19. Green, E. R. (2012). Entry: “Biology.” Encyclopædia Britannica. Encyclopædia Britannica Ultimate Reference Suite. Chicago: Encyclopædia Britannica.Google Scholar
  20. Harold, F. M. (2001). The way of the cell. Molecules, organisms and the order of life. Oxford: Oxford University Press.Google Scholar
  21. Hoffmeyer, J. (1998). Surfaces inside surfaces: on the origin of agency and life. Cybernetics and Human Knowing, 5(1), 33–42.Google Scholar
  22. Hoffmeyer, J. (1999). Order out of indeterminacy. Semiotica, 127, 321–343.Google Scholar
  23. Hoffmeyer, J. (2001). Life and reference. BioSystems, 60, 123–130.PubMedCrossRefGoogle Scholar
  24. Huang, K. (2007). Fundamental forces of nature. The story of gauge fields. Singapore: World Scientific.CrossRefGoogle Scholar
  25. Itani, M., Yamamoto, Y., Doi, Y., & Miyaishi, S. (2011). Quantitative analysis of DNA degradation in the dead body. Acta Medica Okayama, 65, 299–306.PubMedGoogle Scholar
  26. Kawade, Y. (1992). A molecular semiotic view of biology. Interferon and ‘homeokine’ as symbols. Rivista di Biologia–Biology Forum, 85(1), 71–78.Google Scholar
  27. Kawade, Y. (2009). On the nature of the subjectivity of living things. Biosemiotics, 2(2), 205–220.CrossRefGoogle Scholar
  28. Kawamura, K. (2012). Drawbacks of the ancient RNA-based life-like system under primitive earth conditions. Biochimie, 94(7), 1441–1450.PubMedCrossRefGoogle Scholar
  29. Kim, J. (1998). Mind in a physical world. Cambridge: The MIT Press.Google Scholar
  30. Mona, A. E.-H., Sahar, A. E.-D., Sohayla, M. A., Nermin, A. H., & Sobhy, E. H. (2008). The relationship between postmortem interval and DNA degradation in different tissues of drowned rats. Mansoura Journal Forensic Medicine & Clinical Toxicology, XVI, 45–61.
  31. Nicklas, J. A., Noreault-Conti, T., & Buel, E. (2012). Development of a real-time method to detect DNA degradation in forensic samples. Journal of Forensic Sciences, 57(2), 466–471.PubMedCrossRefGoogle Scholar
  32. Noble, D. (2008a). Claude Bernard, the first systems biologist, and the future of physiology. Experimental Physiology, 93(1), 16–26.PubMedCrossRefGoogle Scholar
  33. Noble, D. (2008b). Genes and causation. Philosophical Transactions of the Royal Society A, 366, 3001–3015.CrossRefGoogle Scholar
  34. Noble, D. (2010). Biophysics and systems biology. Review. Philosophical Transactions of the Royal Society A, 368, 1125–1139.CrossRefGoogle Scholar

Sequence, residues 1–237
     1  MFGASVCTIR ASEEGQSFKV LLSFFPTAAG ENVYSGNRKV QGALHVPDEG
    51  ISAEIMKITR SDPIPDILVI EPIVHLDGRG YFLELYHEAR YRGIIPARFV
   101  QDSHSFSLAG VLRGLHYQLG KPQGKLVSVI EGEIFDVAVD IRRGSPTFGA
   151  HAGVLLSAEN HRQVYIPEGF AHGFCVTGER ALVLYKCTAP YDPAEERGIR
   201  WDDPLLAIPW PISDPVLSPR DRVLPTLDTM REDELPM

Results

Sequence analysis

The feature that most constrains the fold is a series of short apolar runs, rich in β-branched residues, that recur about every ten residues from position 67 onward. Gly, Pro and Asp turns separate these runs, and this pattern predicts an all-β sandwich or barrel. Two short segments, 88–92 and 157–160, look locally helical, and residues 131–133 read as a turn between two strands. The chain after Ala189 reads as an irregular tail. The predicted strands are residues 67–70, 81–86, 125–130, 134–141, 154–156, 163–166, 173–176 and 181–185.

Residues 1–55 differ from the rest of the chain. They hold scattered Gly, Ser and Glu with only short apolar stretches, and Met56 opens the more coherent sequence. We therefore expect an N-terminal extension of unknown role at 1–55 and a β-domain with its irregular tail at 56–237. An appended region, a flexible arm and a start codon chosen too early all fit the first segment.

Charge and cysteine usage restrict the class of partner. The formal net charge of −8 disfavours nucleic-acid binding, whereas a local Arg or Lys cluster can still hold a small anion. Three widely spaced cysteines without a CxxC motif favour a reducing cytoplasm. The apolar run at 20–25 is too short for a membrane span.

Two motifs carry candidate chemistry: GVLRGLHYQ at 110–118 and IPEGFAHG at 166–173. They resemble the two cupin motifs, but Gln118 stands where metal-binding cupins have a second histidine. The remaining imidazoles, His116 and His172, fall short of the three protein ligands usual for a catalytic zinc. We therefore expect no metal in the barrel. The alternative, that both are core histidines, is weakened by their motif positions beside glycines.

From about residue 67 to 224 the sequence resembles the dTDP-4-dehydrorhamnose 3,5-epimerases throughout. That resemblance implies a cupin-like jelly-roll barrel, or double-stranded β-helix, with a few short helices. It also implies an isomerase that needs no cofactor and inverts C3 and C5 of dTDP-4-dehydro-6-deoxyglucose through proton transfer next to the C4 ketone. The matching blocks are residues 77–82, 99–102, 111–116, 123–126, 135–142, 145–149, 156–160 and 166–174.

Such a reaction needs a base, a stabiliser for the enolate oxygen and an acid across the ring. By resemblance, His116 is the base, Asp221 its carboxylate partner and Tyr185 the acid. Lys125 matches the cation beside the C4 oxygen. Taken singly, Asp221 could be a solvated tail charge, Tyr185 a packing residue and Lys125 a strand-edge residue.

35. Pályi, G., Zucchi, C., & Caglioti, L. (Eds.). (2002). Fundamentals of life. Paris: Elsevier.Google Scholar
  36. Pattee, H. H. (1973). The physical basis and origin of hierarchical control. In H. H. Pattee (Ed.), Hierarchy theory: The challenge of complex systems (pp. 73–108). New York: Braziller.Google Scholar
  37. Pattee, H. H. (1969) Physical Conditions for Primitive Functional Hierarchies. In L. L. Whyte, A. G. Wilson & D. Wilson (Eds.), Hierarchical Structures (pp. 161–177) New York: American Elsevier.Google Scholar
  38. Pattee, H. H., & Kull, K. (2009). A biosemiotic conversation: between physics and semiotics. Sign Systems Studies, 37(1–2), 311–331.Google Scholar
  39. Polanyi, M. (1968). Life’s irreducible structure. Science, 160, 1308–1312.PubMedCrossRefGoogle Scholar
  40. Rosoff, P. (2012). M. 2012. The myth of genetic enhancement. Theoretical Medicine and Bioethics, 33, 163–178.PubMedCrossRefGoogle Scholar
  41. Shapiro, R. (1986). Origins: A Sceptic’s guide to the creation of life on earth (pp. 186–187). New York: Summit Books.Google Scholar
  42. Shapiro, J. A. (2009). Revisiting the central dogma in the 21st Century. Annals of the New York Academy of Sciences, 1178, 6–28.Google Scholar
  43. Shapiro, J. A. (2011). Evolution: A view from the 21st century. FTPress Science.Google Scholar
  44. Steinman, G., & Cole, M. (1967). Synthesis of biologically pertinent peptides under possible primordial conditions. Proceedings of the National Academy of Science, 58, 735.Google Scholar
  45. Swan, L. S., & Goldberg, L. J. (2010). Biosymbols: symbols in life and mind. Biosemiotics, 3, 17–31.CrossRefGoogle Scholar
  46. Tachibana, C., White, A., Johnson, N. A. (2010). Rediscovering biology. Proteins and Proteomics.
  47. Toepfer, G. (2012). Teleology and its constitutive role for biology as the science of organized systems in nature. In: Studies in History and Philosophy of Biological and Biomedical Sciences, 43(1), 113–119.Google Scholar
  48. Witzany, G. (2010). Biocommunication and natural genome editing. Berlin: Springer.CrossRefGoogle Scholar
  49. Zhang, L., Gurskaya, N. G., Merzlyak, E. M., Staroverov, D. B., Mudrik, N. N., Samarkina, O. N., et al. (2007). Method for real-time monitoring of protein degradation at the single cell level. BioTechniques, 42(4), 446–450.PubMedCrossRefGoogle Scholar

Copyright information

© Springer Science+Business Media Dordrecht 2013

Authors and Affiliations

  1. 1.Konkoly Observatory of the Hungarian Academy of SciencesBudapestHungary

Personalised recommendations